Tortoise Hibernation Guide

Hibernation is a very important stage in a tortoise’s year. It is important you know what to do to help them regarding their housing and temperate control so they can remain safe. Hibernation is a natural part of a tortoise’s lifecycle and you will need to try to match the conditions in nature as much as possible.

What is Hibernation?

Tortoises are used to warmer climates and so in the winter months, they must sleep to avoid the cold weather. This is called hibernation. They are not asleep as they would be at night, but instead they cannot be awoken and all their activity slows down completely. It is an important step for a tortoise every year and it is important to replicate their natural behaviour to keep them healthy.

Does my Tortoise Hibernate?

The main thing to check is whether the species of tortoise you have naturally hibernates. If you try to hibernate a species of tortoise that is not meant to hibernate then this will not end well for your tortoise and it will most likely die. Generally, Mediterranean tortoises DO hibernate and tropical tortoises DO NOT hibernate. It is important that you find this out for the specific species and subspecies of tortoise you have as they may need different things. If you are unsure, please contact a vet.

Usually, you do not hibernate your tortoise until they are 2 or 3 years old, or at least hibernate them for a shorter amount of time. There are two things you must consider before going through hibernation, your tortoise’s weight and its health. If they are showing any sign of illness or injury they must not hibernate. Again, it is best to consult a vet if you are unsure.

Hibernation Mistakes


  • Try to hibernate a tortoise which is ill or underweight
  • Put your tortoise in too cold an environment
  • Put your tortoise in too warm an environment (Ideal temperate is 3-7 degrees)
  • Let your tortoise hibernate outside without monitoring them correctly
  • Leave your tortoise anywhere it can be found by predators
  • Allow your tortoise to dehydrate before hibernation
  • Feed your tortoise too much before hibernation

Preparing for Hibernation

Before your tortoise hibernates, you will have to reduce the amount of food it eats. For a few weeks, reduce the amount of food you give your tortoise by feeding it smaller portions slightly more often. Then four weeks before, stop the feeding altogether and gradually reduce the amount of light and heat. Continue to provide the tortoise with water and give them regular baths to keep them hydrated. After this, they will be ready to hibernate.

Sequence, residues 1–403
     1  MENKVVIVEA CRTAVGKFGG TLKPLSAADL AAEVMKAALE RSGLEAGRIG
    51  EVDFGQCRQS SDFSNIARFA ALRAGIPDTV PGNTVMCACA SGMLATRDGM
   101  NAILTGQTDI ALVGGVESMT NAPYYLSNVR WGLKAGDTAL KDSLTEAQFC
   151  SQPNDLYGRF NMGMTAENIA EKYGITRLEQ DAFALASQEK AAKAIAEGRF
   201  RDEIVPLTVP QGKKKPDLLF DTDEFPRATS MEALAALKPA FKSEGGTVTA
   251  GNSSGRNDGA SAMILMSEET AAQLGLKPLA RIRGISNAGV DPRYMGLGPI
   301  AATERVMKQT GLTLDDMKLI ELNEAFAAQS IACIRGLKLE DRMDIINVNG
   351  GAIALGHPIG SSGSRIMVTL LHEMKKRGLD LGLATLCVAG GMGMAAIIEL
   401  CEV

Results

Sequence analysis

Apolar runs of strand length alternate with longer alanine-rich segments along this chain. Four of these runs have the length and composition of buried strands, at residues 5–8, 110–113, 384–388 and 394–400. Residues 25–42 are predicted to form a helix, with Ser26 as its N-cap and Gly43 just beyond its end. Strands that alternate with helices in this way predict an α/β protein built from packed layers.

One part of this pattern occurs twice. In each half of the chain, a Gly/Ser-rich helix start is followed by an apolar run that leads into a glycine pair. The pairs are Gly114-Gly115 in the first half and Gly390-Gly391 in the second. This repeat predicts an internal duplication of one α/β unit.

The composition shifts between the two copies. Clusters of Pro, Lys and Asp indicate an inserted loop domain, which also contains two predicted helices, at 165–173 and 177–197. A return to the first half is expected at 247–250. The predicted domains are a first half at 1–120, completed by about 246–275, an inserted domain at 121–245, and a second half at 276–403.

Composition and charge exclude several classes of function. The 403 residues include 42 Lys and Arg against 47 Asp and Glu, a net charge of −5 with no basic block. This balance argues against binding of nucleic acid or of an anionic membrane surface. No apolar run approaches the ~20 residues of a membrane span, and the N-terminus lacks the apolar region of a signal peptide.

Hibernation Methods

The Natural Method

This is obviously the most natural method of hibernation for your tortoise, but is not recommended in the UK due to changes in weather and difficulty in monitoring your tortoise. The method requires your tortoise to bury themselves in some kind of soil that can protect them from weather and maintain a good climate. If this is the method to be used in the UK, this must be within a greenhouse.

The Box Method

This is the most common method which involves putting your tortoise in a small box (tight fitting) with some insulation such as soil or newspaper and then put this box inside a larger box which is stuffed with newspaper or some other insulation material. You could also use a large polystyrene box which will provide excellent insulation. You must make sure that you monitor temperatures throughout the hibernation with a thermometer. If you can place the probe within the box and the readings outside then you do not have to disturb the tortoise to check the temperature.

The Fridge Method

Strangely, this method requires you to put your tortoise in the fridge (inside a box half full with soil as in the box method) but will actually provide you with more control. The fridge is used to control the temperature (at 5C) and you can monitor this using the fridge thermometer. You must remember to circulate air in the fridge by use of an air pump or by opening the fridge a few times every day.

Waking your Tortoise Up

When it is the end of the hibernation, you will have to gradually bring it out of sleep. Put the tortoise in a room temperature area for a few hours so its temperature rises slowly. Then make sure it is healthy and put them somewhere warm and light so it can wake up. Make sure your tortoise drinks something within a few hours. If they are not drinking, putting them in a bath will have a similar effect. If they are having trouble with eating and drinking, please visit your vet for health checks.


  • Ute O'Meara Posted 04/12/2017 at 6:18 pm | Permalink | Reply

    Hi Georgina,
    The summary of the Mediterranean tortoises hibernation procedure is ok, but I just wanted to mention that it is most important to avoid temps below 3°C as freezing temperatures will cause tissue damage, eg blindness. This point should be stressed in the text, and that an accurate digital max/min thermometer is used. It applies to both box and fridge method. Nowadays one wouldn’t recommend newspaper anymore, as it contains toxic VOCs and formaldehyde. Better to use plain shredded paper. People can also be encouraged to go to trustworthy websites such as the Tortoise Trust or the Tortoise Protection Group or follow the Tortoise Hibernation Group on Facebook as hibernation is such a complex issue… Many thanks!

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